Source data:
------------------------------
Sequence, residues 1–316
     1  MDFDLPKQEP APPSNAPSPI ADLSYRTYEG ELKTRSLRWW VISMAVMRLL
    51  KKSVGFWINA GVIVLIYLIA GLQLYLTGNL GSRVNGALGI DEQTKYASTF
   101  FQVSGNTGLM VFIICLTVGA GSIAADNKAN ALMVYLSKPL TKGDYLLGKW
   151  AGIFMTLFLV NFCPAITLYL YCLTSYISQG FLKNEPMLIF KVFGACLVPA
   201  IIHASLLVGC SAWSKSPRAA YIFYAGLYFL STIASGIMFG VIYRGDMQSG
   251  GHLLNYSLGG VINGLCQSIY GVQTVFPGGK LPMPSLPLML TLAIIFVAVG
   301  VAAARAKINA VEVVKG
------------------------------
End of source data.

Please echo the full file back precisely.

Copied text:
Sequence, residues 1–316
     1  MDFDLPKQEP APPSNAPSPI ADLSYRTYEG ELKTRSLRWW VISMAVMRLL
    51  KKSVGFWINA GVIVLIYLIA GLQLYLTGNL GSRVNGALGI DEQTKYASTF
   101  FQVSGNTGLM VFIICLTVGA GSIAADNKAN ALMVYLSKPL TKGDYLLGKW
   151  AGIFMTLFLV NFCPAITLYL YCLTSYISQG FLKNEPMLIF KVFGACLVPA
   201  IIHASLLVGC SAWSKSPRAA YIFYAGLYFL STIASGIMFG VIYRGDMQSG
   251  GHLLNYSLGG VINGLCQSIY GVQTVFPGGK LPMPSLPLML TLAIIFVAVG
   301  VAAARAKINA VEVVKG